Revelations by American economist James Galbraith about a Plan B for Greece drafted by former Finance Minister Yanis Varoufakis on Tuesday fueled a political storm, with New Democracy securing approval from Parliament for a discussion on setting up a House investigative committee into last year’s negotiations with creditors and the imposition of capital controls.
In his book “Welcome to the Poisoned Chalice: The Destruction of Greece and the Future of Europe,” Galbraith reveals that Varoufakis’s plan foresaw a state of emergency, the nationalization of the Bank of Greece, the transformation of bank deposits into a New Drachma and emergency public order measures.
Commenting, ND spokesman Giorgos Koumoutsakos said Galbraith’s revelations made ND’s longstanding demand for an investigation even more pressing. “This dark period must be fully illuminated,” he said. “The future of the country and of the Greek people was gambled.”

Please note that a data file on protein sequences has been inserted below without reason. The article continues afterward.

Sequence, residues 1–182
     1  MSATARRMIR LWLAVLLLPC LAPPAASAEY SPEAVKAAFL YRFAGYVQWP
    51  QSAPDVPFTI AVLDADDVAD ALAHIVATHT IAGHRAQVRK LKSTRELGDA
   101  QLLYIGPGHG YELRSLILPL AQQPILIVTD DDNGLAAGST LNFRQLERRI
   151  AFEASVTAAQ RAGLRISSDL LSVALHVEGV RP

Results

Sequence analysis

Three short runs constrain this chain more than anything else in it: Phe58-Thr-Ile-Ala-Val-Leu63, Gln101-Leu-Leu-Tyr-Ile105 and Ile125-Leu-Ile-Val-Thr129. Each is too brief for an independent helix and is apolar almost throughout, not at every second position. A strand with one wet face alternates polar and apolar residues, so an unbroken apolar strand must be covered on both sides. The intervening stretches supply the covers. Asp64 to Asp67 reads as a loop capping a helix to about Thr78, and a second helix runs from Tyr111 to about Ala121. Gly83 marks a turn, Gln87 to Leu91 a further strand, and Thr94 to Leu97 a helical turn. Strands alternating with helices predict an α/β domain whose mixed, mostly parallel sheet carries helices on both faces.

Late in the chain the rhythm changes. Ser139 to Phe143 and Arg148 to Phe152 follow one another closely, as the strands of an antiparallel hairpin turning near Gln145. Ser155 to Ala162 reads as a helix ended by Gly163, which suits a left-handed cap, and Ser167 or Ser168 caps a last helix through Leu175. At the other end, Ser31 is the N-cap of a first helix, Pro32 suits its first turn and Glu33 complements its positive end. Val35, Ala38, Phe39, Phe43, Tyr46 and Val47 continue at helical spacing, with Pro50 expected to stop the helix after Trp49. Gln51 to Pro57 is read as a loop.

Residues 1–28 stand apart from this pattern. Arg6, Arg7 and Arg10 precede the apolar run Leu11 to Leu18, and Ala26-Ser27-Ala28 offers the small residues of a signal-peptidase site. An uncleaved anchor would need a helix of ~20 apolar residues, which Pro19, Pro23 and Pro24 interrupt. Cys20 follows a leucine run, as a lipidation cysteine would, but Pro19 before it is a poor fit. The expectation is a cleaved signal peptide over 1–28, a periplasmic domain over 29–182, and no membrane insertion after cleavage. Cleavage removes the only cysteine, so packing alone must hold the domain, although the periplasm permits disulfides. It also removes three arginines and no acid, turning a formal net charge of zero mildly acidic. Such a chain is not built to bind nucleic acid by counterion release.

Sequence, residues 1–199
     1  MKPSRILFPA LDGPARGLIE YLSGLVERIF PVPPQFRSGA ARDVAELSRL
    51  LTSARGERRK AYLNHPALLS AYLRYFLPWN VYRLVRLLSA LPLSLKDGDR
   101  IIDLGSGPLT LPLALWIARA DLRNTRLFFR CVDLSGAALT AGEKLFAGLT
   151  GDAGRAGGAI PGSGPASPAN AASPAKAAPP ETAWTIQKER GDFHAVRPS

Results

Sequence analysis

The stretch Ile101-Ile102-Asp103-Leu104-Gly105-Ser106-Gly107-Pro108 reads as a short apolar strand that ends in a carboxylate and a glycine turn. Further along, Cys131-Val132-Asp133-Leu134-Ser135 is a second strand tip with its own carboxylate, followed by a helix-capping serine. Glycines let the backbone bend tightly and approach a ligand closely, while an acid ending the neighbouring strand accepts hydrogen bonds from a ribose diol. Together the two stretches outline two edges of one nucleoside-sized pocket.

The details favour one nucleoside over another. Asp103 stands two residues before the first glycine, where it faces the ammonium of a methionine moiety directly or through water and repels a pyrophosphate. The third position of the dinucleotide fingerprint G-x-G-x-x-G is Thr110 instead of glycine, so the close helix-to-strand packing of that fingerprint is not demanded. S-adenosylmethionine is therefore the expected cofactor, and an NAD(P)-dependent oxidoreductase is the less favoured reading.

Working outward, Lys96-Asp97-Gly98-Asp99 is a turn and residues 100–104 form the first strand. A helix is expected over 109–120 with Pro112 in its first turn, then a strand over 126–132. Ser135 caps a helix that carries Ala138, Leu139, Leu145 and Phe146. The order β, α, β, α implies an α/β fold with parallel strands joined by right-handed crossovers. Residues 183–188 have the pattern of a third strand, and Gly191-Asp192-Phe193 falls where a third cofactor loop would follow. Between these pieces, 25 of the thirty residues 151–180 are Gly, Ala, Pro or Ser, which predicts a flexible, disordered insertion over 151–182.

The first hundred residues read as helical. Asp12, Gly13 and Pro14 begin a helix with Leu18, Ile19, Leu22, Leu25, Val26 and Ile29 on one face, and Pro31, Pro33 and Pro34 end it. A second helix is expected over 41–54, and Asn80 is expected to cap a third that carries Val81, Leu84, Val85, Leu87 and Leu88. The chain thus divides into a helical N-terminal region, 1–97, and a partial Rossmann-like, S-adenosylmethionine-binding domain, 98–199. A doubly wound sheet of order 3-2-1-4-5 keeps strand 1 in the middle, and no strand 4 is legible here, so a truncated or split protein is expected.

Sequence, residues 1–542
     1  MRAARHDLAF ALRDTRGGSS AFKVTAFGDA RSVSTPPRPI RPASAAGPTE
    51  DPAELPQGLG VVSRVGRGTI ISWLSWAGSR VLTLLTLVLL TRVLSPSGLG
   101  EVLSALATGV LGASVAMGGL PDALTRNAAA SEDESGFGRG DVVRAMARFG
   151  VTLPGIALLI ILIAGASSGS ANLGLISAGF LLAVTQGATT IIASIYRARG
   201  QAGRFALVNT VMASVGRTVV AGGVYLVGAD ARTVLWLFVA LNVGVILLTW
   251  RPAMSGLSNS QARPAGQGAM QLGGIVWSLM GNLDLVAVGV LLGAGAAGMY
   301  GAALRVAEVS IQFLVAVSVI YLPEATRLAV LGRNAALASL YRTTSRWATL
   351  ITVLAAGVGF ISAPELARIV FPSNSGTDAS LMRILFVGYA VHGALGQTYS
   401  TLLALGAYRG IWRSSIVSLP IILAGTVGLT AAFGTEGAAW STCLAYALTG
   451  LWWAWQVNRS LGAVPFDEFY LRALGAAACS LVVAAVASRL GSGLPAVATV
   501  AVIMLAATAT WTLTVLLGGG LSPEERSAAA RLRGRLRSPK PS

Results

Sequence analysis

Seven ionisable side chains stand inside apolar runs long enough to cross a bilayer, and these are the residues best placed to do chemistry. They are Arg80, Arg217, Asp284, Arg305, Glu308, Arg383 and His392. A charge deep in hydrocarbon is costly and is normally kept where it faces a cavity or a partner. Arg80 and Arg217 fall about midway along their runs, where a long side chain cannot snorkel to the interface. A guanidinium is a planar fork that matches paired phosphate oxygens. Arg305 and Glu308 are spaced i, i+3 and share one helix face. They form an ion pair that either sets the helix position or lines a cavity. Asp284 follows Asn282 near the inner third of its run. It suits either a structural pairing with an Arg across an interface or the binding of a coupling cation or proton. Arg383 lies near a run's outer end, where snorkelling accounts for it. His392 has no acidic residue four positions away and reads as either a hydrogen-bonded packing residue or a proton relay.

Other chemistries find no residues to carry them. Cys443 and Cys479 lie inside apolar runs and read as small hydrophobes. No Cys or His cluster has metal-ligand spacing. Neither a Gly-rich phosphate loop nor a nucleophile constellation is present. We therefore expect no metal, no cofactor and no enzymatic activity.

Responding to the request, Parliament Speaker Nikos Voutsis said a discussion would be held at the end of July.
In separate interviews with state television ERT, State Minister Nikos Pappas and Foreign Minister Nikos Kotzias defended the government’s record, including its decision to hold a referendum on austerity last summer.
Pappas spoke of “pressures” from eurozone finance ministers last year and said Varoufakis had proposed the continuation of the previous bailout program of former prime minister Antonis Samaras.
“That would have been a painful choice which we fortunately avoided, achieving an extension of the agreement,” Pappas said.
Noting that, “at some point, everything must be said,” Kotzias said Varoufakis had pressed for a quick deal, “warning that that the ATMs were at risk of closing.”
“He said he would take responsibility for the February agreement, which was much worse than the outcome of the second negotiation,” he added.
In comments to Kathimerini, Varoufakis said the government was “confused.” “It can’t be that the different sides of the same status quo accuse me of being a destructive force on the one hand and a supporter of memorandums on the other,” he said.
As for Pappas’s claim that he wanted to continue Samaras’s agreement, Varoufakis said, “Nothing had been agreed by the Samaras government to continue.”